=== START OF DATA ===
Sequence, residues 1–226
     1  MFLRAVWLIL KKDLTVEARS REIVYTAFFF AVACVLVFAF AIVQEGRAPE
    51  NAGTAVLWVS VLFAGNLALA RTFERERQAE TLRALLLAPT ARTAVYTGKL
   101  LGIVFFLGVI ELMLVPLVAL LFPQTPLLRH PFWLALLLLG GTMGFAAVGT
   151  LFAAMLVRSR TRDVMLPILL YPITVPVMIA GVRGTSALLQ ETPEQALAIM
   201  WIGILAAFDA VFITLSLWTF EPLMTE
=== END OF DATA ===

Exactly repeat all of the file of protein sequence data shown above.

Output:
Sequence, residues 1–226
     1  MFLRAVWLIL KKDLTVEARS REIVYTAFFF AVACVLVFAF AIVQEGRAPE
    51  NAGTAVLWVS VLFAGNLALA RTFERERQAE TLRALLLAPT ARTAVYTGKL
   101  LGIVFFLGVI ELMLVPLVAL LFPQTPLLRH PFWLALLLLG GTMGFAAVGT
   151  LFAAMLVRSR TRDVMLPILL YPITVPVMIA GVRGTSALLQ ETPEQALAIM
   201  WIGILAAFDA VFITLSLWTF EPLMTE